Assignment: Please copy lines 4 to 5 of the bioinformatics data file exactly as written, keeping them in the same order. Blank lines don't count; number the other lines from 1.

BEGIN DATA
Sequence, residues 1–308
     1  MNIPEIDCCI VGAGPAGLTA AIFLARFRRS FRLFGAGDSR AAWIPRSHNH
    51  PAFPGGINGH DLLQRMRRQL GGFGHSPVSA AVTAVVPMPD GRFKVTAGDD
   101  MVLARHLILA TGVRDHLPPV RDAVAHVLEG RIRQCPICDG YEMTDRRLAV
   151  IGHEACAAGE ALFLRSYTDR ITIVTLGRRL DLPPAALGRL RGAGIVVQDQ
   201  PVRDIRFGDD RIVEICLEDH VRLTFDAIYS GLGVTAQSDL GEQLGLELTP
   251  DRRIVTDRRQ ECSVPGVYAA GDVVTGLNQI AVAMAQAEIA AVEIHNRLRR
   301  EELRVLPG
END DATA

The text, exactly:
   101  MVLARHLILA TGVRDHLPPV RDAVAHVLEG RIRQCPICDG YEMTDRRLAV
   151  IGHEACAAGE ALFLRSYTDR ITIVTLGRRL DLPPAALGRL RGAGIVVQDQ